For over a century now, various Christian apologists have advanced the “liar, lunatic, or Lord” argument in support of their belief in the divinity of Jesus Christ. If Jesus was not the Lord, you see, then he must otherwise have been dishonest or deranged. Putting aside the question of what certainty we have concerning the words that Jesus spoke two thousand years ago, it should go without saying that answering “liar” or “lunatic” to the question should not constitute a crime.
Mind you, calling Jesus Christ a deranged lunatic is likely to offend Christians. They might be insulted, too, since the assertion implies that Christians, therefore, worship a crazy person. However, the mere fact that certain people may feel offended or insulted about aspersions cast on a long-dead religious figure is no basis for infringing on the free speech rights of anyone who wishes to cast such aspersions.
It is troubling indeed that the European Court of Human Rights (ECHR) has failed to understand this basic principle. The regrettable decision handed down this week should also give Canada a sense of urgency in getting the legislation repealing our own blasphemous libel law across the finish line.
The ECHR was asked to rule on the case of an Austrian woman who had been convicted of “disparaging religion” after she called the Islamic prophet Muhammad a pedophile. The ECHR concluded that the original verdict did not violate the woman’s free speech rights and that the Austrian court had “carefully balanced her right to freedom of expression with the right of others to have their religious feelings protected, and served the legitimate aim of preserving religious peace in Austria.”
In a society where freedom of expression exists, the “right of others to have their feelings protected” does not and should not exist. By proclaiming this right into existence, the ECHR is creating a de facto blasphemy law. We’ve gone from “Je Suis Charlie” to this.
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Muhammad had multiple wives and one of them was Aisha, who was indeed a child when the marriage occurred. Some accounts put her age at six or seven, while others put it at nine or 10 (Muhammad would have been 49 or 50). There are also disputed accounts as to when the marriage would have been consummated and there has been a broader debate about whether such marriages were normal at the time. To be sure, between Muslim apologists and those harbouring anti-Islamic prejudices, there are vested interests in portraying this history in a certain light.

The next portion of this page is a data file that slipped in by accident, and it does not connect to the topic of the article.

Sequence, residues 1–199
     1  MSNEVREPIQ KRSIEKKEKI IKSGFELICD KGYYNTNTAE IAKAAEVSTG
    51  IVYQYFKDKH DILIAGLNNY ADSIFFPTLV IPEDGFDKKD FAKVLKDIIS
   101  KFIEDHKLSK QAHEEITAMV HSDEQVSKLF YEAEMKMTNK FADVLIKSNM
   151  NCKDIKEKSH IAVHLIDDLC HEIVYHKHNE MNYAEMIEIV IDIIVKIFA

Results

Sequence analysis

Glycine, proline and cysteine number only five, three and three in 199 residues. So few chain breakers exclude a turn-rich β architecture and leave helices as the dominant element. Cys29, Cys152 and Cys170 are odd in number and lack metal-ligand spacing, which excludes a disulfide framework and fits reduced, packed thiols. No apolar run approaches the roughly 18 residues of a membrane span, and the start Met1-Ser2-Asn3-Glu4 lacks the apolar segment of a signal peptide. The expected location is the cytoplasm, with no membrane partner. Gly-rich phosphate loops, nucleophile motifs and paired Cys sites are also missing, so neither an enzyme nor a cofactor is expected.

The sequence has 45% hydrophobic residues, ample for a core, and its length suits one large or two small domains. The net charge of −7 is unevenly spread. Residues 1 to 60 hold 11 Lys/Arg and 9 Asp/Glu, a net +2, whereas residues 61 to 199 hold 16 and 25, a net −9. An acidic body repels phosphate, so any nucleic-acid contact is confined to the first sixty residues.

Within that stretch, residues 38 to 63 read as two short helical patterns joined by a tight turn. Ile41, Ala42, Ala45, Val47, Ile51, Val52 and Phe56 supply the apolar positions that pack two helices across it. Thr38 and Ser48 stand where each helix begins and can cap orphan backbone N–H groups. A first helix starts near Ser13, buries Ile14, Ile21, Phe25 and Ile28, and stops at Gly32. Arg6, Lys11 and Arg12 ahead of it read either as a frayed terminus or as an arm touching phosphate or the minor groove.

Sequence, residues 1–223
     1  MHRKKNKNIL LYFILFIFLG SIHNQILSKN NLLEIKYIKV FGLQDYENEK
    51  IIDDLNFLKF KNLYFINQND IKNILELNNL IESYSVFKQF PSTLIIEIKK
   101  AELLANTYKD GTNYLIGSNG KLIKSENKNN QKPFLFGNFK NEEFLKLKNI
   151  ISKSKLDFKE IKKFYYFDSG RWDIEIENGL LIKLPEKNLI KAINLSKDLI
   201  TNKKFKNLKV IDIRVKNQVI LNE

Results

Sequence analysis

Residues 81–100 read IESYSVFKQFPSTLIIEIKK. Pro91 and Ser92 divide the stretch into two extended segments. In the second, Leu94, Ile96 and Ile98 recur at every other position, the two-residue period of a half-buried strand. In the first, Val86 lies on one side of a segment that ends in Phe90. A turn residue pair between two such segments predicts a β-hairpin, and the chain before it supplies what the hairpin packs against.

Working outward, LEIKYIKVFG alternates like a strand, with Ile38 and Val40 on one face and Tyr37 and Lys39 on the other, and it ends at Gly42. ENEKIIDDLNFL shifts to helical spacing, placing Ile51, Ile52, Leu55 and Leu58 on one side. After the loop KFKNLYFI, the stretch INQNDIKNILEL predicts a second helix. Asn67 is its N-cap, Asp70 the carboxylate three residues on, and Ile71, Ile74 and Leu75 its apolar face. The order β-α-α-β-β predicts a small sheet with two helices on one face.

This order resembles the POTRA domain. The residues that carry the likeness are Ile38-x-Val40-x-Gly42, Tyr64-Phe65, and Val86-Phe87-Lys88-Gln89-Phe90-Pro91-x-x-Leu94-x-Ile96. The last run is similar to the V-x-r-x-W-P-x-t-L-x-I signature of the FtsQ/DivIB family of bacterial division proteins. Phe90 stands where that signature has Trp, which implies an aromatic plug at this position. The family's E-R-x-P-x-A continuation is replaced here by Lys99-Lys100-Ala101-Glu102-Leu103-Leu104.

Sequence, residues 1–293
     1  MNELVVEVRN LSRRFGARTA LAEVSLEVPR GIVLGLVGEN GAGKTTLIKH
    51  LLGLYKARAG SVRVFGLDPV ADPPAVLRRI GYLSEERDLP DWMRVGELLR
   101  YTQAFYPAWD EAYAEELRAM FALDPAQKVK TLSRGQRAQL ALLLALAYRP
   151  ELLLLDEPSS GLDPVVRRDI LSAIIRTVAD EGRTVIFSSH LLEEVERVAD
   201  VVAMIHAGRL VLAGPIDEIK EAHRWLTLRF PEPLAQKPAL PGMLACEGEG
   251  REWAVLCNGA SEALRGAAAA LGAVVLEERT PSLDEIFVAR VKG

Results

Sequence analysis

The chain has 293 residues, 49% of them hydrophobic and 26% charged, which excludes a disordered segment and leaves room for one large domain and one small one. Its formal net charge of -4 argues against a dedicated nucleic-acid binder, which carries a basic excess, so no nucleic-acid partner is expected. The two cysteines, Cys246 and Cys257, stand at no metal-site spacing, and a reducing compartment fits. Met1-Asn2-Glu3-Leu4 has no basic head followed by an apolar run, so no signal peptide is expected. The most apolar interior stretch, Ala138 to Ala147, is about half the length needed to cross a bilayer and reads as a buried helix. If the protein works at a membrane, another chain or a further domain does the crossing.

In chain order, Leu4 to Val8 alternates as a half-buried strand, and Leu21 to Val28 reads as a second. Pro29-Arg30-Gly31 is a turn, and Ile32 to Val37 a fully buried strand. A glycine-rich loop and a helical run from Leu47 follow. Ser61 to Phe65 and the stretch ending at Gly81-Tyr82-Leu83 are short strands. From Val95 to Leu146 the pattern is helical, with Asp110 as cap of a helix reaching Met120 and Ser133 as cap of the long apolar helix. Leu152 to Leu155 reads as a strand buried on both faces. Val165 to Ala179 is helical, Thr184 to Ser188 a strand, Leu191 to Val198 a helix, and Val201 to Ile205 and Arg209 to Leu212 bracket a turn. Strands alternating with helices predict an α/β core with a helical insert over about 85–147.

It’s a delicate issue to be sure, but it’s a legitimate area of historical inquiry. While some may view it as unfair to judge historical figures by today’s standards, it’s not outside the bounds of reasonable discourse to do so. In this context, it would be fair to take a harsh view of the circumstances of this marriage.
Muhammad to me was not a prophet. He was merely a man and like any other man or woman of history he was imperfect and is open to criticism. Calling him a pedophile might seem harsh, but there is a historical context from which that flows. The answer is not to censor such views but rather to counter them with what defenders of Muhammad would view as relevant context.
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Can the marriage be criticized at all? What’s an acceptable choice of words to voice disapproval? Furthermore, are these rules intended to apply only after a certain amount of time has passed or a religion has a certain number of followers?
Warren Jeffs had multiple child brides, and was in fact convicted of sexually assaulting children. Yet to many followers of the FLDS he is and remains a prophet. I doubt anyone would bat an eye at Jeffs being called a pedophile even if his followers claimed to be offended by such an “insult.”
A few years ago, the Church of Jesus Christ of Latter-day Saints finally admitted some uncomfortable truths about founder Joseph Smith that previously Mormons would have likely viewed as insults and smears of their prophet. A fear of offending people — or a prohibition on offending religious sensitivities — should never interfere with a pursuit of the truth.
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Mockery is a form of criticism, and insults go hand-in-hand with mockery. The difference is meaningless even though the ECHR is trying to claim otherwise. Freedom of religion protects a person’s right to believe in whatever religion one chooses, but it does not guarantee respect of those beliefs.
Bill C-51 is set to usher in a number of changes to Canada’s Criminal Code, including the elimination of our blasphemous libel law. That bill, though, is still stuck at third reading in the Senate. There are other pressing reasons for getting that law passed, but in light of what just happened in Europe, there’s a sudden sense of urgency to strike a blow for free expression.
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